Corgi AA39102 Royal Naval Air Service Westland Whirlwind HAS Mk VII Medium Lift Helicopter - XN387, Eglinton, Northern Ireland, 1961 (1:72 Scale)
"Obsolete weapons do not deter."
- British Prime Minister Margaret Thatcher
The Westland Whirlwind helicopter was a British license-built version of the U.S. Sikorsky S-55/H-19 Chickasaw. It primarily served with the Royal Navy's Fleet Air Arm in anti-submarine and search-and rescue roles.
In 1950, Westland Aircraft, already building the American Sikorsky S-51 under license as the Westland Dragonfly, purchased the rights to manufacture and sell Sikorsky's larger Sikorsky S-55 helicopter. While a Sikorsky-built pattern aircraft was flown by Westland in June 1951, converting the design to meet British standards (including the provision of a revised main-rotor gearbox), was time consuming, and the first prototype British aircraft, registered G-AMJT, powered by the 600 hp Pratt & Whitney R-1340-40 Wasp did not fly until August 1953. This was followed by ten Whirlwind HAR.1s, which entered service shortly afterwards. They served in non-combat roles, including search and rescue and communications functions. The HAR.3 had a larger 700 hp Wright R-1300-3 Cyclone 7 engine.
The performance of early versions was limited by the power of the American Wasp or Cyclone engines, and in 1955, the HAR.5, powered by the more powerful British power plant, the Alvis Leonides Major, flew for the first time. This was followed by the similarly powered HAS.7, which became the first British helicopter designed for anti-submarine work in the front-line when it entered service in 1957. It could either be equipped with a dipping Sonar for submarine detection or carry a torpedo, but could not carry both simultaneously, so sonar equipped "Hunters" were used to direct torpedo armed "Killers". The HAS.7 was powered by a 750 hp (560 kW) Alvis Leonides Major 755/1 radial engine. It had a hovering ceiling at 9,400 ft and a range of 334 miles at 86 mph. Later in their lives, some HAR.7s were converted to use the Rolls-Royce Gnome turboshaft engine.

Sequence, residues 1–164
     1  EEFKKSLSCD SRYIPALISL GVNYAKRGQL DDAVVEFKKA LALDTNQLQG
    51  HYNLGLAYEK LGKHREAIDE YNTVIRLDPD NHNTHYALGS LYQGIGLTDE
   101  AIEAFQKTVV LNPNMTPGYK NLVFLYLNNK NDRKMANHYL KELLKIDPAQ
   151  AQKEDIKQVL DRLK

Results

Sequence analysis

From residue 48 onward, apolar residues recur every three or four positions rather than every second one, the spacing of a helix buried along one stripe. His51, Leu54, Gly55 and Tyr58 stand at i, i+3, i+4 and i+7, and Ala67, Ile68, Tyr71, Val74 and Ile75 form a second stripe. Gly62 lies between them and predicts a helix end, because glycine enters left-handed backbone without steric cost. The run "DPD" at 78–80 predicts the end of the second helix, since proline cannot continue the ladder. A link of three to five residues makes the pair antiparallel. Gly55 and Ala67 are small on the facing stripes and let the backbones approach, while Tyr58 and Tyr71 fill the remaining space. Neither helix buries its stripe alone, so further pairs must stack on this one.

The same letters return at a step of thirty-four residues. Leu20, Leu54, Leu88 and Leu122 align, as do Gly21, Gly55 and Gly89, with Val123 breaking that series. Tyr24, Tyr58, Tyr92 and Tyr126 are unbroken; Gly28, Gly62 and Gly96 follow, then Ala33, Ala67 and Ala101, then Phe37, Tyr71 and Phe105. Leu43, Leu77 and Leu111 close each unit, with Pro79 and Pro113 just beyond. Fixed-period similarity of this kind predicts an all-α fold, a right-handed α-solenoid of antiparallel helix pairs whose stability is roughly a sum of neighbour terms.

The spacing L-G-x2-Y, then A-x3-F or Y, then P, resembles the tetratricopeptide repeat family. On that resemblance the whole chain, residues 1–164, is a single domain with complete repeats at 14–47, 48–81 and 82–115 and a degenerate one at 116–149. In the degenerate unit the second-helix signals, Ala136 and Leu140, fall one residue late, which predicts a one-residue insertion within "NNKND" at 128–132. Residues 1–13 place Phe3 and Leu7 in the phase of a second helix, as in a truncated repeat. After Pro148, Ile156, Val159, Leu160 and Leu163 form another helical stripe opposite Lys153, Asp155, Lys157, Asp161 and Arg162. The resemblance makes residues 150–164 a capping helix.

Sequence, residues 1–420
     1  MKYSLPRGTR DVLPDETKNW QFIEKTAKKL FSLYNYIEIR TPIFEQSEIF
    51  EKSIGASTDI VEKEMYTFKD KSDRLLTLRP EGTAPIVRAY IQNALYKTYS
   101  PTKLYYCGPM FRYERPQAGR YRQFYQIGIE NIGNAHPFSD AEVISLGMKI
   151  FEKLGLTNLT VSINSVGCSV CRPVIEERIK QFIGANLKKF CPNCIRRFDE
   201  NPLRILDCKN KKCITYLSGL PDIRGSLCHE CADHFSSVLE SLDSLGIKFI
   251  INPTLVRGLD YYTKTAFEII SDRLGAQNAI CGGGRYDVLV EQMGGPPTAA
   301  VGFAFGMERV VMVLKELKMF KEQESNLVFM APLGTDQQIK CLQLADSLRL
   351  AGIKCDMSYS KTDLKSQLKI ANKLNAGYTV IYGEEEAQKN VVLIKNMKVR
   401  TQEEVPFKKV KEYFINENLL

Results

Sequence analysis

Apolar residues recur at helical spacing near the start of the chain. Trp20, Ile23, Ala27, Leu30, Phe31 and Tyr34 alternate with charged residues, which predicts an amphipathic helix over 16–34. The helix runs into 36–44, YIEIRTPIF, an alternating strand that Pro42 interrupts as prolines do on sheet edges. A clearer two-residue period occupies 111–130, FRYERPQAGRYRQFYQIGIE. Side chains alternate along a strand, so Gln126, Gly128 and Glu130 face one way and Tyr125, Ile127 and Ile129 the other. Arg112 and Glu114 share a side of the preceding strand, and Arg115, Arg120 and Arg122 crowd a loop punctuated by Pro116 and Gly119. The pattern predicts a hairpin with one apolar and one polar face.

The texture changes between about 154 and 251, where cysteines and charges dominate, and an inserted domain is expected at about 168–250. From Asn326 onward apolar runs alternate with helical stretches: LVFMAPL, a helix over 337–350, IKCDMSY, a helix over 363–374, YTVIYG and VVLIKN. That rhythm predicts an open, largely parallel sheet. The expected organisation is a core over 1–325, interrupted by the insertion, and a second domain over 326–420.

From its start with the Navy, the Whirlwind came to be used by the British Army and Royal Air Force. More than 400 Whirlwinds were built, of which nearly 100 were exported to foreign customers.
Pictured here is a 1:72 scale replica of a RAF Westland Whirlwind HAR Mk10 medium lift helicopter that was based at Eglinton, Northern Ireland, during 1961. Sold Out!
Rotor Span: 6-1/2 inches
Length: 7 inches
Release Date: August 2011
Historical Account: "Search and Rescue" - The arrival of the Whirlwind Mk10 with 22 Squadron in the latter part of 1962 saw a significant increase in the capability of SAR Helicopters. With up to a 30% increase in fuel/pay load over the earlier piston engined Whirlwinds.
The aircraft had a greatly enhanced range and was able to respond more successfully to a wider range of tasks. There was no promised night flying rescue task because the Whirlwind lacked appropriate equipment such as auto-stabilisation, target illumination, radar etc for the role in complete darkness. The policy was therefore to maintain a 15-minute readiness throughout the hours of daylight and a one-hour readiness at night. In practice most of the night operations requested were in fact carried out.
XJ729 served with 22 Squadron from 1962 until it was withdrawn from service in 1981. It was later sold into private ownership, re-registered as G-BVGE and restored in its former SAR colors. Based in Ireland, it is currently the only Whirlwind still flying.